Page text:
oblong, elliptic, ovate
February - May
26.0 - 40.0
Leaves smooth when growing in very wet areas; otherwise leaves are rough. Leaf bases very uneven. Under bark is red and white. Samaras notched at tip with ciliate margins.
Found in rich soil along streams and rivers throughout Louisiana and the eastern third of Texas. The Acadian French name for all elms is "orme," the traditional French name (Homes 1990).
Rivers, streams, and lowlands with rich soils, moist fertile soils.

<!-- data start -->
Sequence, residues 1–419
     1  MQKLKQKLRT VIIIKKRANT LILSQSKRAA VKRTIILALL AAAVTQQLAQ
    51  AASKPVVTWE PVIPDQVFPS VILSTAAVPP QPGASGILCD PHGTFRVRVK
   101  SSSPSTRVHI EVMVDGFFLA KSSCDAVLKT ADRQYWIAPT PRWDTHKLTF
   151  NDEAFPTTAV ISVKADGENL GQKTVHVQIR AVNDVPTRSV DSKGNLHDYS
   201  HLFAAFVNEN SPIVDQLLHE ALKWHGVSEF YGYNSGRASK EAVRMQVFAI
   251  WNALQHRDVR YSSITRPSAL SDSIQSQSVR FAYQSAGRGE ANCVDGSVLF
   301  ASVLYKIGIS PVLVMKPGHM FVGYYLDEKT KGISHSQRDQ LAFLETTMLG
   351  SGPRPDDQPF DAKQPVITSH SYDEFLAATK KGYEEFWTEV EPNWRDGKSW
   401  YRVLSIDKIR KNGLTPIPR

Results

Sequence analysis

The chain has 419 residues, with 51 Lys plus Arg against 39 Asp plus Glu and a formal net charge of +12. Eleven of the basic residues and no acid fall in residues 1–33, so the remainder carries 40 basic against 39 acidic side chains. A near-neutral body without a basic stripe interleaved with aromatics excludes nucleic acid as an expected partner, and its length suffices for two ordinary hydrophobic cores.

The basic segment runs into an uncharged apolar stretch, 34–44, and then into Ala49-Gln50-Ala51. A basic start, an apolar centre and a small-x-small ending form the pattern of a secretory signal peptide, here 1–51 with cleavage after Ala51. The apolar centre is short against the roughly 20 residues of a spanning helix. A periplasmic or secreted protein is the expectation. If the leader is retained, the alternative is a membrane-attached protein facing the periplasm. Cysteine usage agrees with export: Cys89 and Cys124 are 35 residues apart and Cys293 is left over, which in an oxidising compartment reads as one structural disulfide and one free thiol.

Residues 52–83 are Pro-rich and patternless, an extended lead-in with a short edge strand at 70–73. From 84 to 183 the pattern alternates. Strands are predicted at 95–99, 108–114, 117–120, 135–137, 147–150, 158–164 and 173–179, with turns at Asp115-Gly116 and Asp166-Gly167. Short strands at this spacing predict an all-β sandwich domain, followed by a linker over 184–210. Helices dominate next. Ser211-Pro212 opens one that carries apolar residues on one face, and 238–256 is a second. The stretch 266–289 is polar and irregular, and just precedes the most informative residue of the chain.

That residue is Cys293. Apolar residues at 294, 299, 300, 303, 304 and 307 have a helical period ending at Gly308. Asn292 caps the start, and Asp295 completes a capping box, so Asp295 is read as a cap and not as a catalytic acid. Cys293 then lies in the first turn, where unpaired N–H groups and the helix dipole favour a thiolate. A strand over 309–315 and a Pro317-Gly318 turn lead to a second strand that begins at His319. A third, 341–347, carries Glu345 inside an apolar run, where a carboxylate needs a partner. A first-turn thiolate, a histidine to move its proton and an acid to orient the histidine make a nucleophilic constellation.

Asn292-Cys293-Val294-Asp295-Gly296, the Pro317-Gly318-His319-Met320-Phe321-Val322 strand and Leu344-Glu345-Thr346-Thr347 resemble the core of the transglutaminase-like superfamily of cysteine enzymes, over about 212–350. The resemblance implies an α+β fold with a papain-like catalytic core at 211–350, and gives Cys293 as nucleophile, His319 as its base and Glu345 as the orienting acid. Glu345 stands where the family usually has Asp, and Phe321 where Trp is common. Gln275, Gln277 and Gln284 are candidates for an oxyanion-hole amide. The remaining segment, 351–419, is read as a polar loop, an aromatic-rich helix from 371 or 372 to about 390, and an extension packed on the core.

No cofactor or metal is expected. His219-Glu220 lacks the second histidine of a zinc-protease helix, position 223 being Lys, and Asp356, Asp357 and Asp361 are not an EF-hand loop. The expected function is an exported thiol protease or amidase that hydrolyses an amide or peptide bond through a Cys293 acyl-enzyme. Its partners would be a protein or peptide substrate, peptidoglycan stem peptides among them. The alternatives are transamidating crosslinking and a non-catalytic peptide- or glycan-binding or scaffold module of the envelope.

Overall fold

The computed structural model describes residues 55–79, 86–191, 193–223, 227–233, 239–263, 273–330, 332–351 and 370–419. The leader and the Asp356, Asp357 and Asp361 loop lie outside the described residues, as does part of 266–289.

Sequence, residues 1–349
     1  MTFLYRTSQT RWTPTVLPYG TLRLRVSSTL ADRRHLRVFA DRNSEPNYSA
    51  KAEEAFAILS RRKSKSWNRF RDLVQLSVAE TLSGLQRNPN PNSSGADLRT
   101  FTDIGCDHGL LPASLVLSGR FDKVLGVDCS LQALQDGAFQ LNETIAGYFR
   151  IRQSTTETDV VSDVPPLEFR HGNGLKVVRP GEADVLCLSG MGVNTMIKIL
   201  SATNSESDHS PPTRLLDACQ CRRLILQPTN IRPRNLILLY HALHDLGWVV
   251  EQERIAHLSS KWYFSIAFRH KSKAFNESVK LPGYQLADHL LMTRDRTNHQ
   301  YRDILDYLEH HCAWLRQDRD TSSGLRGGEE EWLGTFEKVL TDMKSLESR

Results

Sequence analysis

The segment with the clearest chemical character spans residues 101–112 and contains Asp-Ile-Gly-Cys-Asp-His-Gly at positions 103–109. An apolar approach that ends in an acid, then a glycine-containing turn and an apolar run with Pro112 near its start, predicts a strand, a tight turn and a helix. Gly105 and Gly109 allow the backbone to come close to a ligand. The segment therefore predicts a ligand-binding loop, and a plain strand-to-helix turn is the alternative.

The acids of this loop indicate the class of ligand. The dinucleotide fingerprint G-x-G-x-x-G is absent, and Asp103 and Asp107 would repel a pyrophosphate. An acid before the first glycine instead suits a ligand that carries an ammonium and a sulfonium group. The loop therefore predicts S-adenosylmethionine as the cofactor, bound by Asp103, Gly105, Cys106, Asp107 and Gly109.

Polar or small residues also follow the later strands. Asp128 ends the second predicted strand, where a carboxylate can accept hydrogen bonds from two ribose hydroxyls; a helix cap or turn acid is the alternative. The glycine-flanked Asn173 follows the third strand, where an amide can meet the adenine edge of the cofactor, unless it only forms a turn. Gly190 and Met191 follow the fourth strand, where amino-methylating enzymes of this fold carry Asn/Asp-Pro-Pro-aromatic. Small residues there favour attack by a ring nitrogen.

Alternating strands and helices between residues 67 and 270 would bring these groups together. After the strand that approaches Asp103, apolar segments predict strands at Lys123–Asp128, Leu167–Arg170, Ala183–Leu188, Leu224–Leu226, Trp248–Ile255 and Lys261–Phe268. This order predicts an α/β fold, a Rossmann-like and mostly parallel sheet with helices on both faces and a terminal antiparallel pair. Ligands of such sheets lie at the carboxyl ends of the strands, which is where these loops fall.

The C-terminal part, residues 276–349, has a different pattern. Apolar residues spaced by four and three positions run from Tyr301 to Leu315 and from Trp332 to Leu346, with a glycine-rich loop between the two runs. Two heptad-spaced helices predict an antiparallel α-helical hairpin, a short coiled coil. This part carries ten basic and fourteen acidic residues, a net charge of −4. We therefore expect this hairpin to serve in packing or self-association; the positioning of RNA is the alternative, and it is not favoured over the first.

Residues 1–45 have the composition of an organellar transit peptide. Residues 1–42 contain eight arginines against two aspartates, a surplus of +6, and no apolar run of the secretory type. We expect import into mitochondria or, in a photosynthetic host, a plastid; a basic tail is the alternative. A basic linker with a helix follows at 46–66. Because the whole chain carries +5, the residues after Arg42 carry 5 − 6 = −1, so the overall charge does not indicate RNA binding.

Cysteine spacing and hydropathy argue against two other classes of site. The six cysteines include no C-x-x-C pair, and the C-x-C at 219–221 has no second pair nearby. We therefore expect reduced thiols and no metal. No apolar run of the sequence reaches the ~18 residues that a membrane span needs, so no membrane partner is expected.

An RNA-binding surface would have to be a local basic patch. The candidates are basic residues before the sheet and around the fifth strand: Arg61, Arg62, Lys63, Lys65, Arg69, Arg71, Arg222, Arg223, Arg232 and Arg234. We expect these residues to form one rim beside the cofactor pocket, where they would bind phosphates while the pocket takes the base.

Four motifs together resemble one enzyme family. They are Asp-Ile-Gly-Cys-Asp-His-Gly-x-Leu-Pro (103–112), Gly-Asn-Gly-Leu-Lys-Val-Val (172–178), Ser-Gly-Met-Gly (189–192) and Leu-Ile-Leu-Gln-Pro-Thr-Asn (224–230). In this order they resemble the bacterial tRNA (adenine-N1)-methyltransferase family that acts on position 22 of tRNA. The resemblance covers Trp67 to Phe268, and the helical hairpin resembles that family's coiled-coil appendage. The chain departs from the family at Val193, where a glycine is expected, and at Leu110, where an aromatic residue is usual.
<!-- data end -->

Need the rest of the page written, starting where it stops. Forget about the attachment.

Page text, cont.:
American elm is classed as moderate in heaviness, hardness, and stiffness. It has good shock resistance, but is moderately weak. Like all other commercial species of elm, it has excellent bending qualities. The wood is slightly below average in woodworking properties, but is among the best in ease of gluing. It is intermediate in nail-holding ability. It's used in the manufacture of containers, furniture, and dairy and poultry supplies. Because it bends so readily, it is much used for slack cooperage and kegs. Its veneer goes into fruit and vegetable boxes, crates, and baskets. It is used for crating of heavy articles, and in furniture for the bent parts of chairs and other items.